A “hot money credit” (HMC) program is like a regular cash transfer program, except that the money comes with an expiration date. The idea is not new – Silvio Gesell proposed the idea in the 1890s – and it is closely related to negative interest rate policy (NIRP). The goal of both policies is to incent a coordinated private spending effort to kick-start a stalled economy. The resistance against NIRP stems in large part from the fact that it constitutes a tax on accumulated money balances which, whereas an HMC policy’s “threatened tax” applies only to newly created money distributed as a gift. As such, a well-designed HMC policy implemented through U.S. Treasury authority would eliminate the need for NIRP implemented through the Federal Reserve.

The WFE calls to address development of global stablecoins with a taxonomy
The World Federation of Exchanges encourages global standard-setting bodies to generate a taxonomy for all global stablecoins (GSCs) and crypto-assets. In adopting the use of a global taxonomy, a common understanding would develop of whether a GSC or crypto-asset fits a certain classification or definition (eg do the features of the crypto-asset meet the definition/classification of a security) which would, in turn, reduce the variance in application of regulation, to GSCs/crypto-assets, between jurisdictions. Whilst differences might remain across the globe in securities regulation itself, the fragmented approach to the type of GSC/crypto-asset which falls under that regulation would potentially be reduced. This results in a more universal application of regulation, especially if the principle of ‘same business, same risk, same rules’ is applied and is focused on regulatory objectives and outcomes.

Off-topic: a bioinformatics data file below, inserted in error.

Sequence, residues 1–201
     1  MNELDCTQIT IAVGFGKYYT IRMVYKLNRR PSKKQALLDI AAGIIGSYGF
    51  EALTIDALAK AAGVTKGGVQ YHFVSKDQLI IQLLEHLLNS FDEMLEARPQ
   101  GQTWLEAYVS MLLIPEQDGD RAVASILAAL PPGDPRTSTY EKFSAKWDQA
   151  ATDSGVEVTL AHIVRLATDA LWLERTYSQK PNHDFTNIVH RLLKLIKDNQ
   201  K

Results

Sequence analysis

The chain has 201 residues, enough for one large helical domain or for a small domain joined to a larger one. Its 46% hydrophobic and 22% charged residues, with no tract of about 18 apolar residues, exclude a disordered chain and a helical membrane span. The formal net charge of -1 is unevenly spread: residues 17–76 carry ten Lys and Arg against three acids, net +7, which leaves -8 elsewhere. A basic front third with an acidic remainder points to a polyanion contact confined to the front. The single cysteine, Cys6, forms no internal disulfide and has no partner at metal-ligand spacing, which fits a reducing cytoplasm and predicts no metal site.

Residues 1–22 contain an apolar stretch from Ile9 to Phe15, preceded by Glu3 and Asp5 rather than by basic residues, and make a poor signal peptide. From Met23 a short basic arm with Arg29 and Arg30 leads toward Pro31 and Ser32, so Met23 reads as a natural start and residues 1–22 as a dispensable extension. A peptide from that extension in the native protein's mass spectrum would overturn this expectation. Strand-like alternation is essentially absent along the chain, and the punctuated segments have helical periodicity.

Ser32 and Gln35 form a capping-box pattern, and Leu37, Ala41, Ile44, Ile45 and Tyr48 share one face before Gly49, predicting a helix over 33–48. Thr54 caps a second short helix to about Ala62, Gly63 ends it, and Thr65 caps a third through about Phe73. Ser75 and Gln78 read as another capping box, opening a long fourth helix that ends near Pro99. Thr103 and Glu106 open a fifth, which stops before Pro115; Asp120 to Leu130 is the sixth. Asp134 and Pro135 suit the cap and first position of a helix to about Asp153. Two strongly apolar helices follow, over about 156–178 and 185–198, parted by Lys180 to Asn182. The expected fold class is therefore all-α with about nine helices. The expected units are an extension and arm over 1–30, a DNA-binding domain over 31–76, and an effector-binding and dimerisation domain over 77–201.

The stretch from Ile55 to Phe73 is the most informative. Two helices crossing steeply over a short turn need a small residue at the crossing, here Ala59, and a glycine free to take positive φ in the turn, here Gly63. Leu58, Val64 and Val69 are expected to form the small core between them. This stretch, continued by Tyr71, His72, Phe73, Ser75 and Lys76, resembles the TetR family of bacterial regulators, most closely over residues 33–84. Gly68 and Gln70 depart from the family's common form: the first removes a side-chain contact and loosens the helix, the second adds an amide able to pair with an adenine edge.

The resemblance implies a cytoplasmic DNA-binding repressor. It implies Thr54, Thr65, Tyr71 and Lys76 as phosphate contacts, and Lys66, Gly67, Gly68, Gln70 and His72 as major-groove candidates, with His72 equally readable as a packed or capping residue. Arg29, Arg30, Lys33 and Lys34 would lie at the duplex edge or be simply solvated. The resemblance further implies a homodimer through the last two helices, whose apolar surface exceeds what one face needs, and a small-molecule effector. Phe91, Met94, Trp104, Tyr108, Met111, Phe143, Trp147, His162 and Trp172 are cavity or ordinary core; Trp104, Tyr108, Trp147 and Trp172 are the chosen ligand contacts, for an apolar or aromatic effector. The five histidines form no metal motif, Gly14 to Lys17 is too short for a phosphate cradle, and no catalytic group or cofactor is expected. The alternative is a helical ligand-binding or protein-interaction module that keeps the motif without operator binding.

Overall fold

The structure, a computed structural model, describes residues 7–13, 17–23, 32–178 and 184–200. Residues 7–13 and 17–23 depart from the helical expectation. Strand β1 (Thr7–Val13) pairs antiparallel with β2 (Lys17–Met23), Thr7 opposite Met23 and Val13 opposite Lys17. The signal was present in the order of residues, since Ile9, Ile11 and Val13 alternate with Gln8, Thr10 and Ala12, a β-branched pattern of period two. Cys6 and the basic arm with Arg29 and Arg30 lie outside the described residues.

Vitalik Buterin Warns High Fees Threaten Ethereum’s Security
Vitalik Buterin has called for reform to the Ethereum’s fee system, warning that rising transaction fees could undermine network security. The idea is based on a paper that suggests miners’ increasing reliance on transaction fees may incentivize selfish mining practices in a bid to extract greater profits, risking disruptions to how transactions are processed. Buterin is advocating for the implementation of Ethereum Improvement Proposal (EIP) 1599 to reform Ethereum’s fees. It involves burning base fees to reduce miners’ reliance on transaction tariffs.

Pennies as state failure
A society with a broad range of opinions about the monetary system (many of which are erroneous conspiracies and lies) is going to be much harder to change than a society that is neutral or uninterested about the monetary system. In the U.S., a fix as simple and smart as removing the penny will inevitably be misinterpreted (often willfully so) by crowds of monetary populists. And so any wise bureaucrat or legislator who wants to remove the penny will have to expend huge amounts of extra time combating misinformation. So maybe they won’t bother. And thus the state has failed Americans, and they are stuck with the penny. But we trusting (and perhaps naive) Canadians have been saved.

Korean Government Proposes Tough New 22% Tax on Crypto Trading
The Korean Ministry of Economy and Finance tabled a proposal to introduce a 22% tax –including the 2% local income tax – on crypto trading profits above KRW 2.5 million. If approved by Korea’s National Assembly, the tax rule will come into force in October 2021.
The new tax rule will also apply to non-residents and foreign companies who trade on Korean exchanges.

Russian Lawmakers Finally Pass Country’s Major Crypto Bill
Russia’s new crypto and digital asset legislation passed third and final reading. It is expected to be officially adopted in Russia on Jan. 1, 2021. The bill provides a legal definition to digital assets and legitimizes crypto-asset trading in Russia. However, the bill prohibits the use of crypto-assets as a payment method.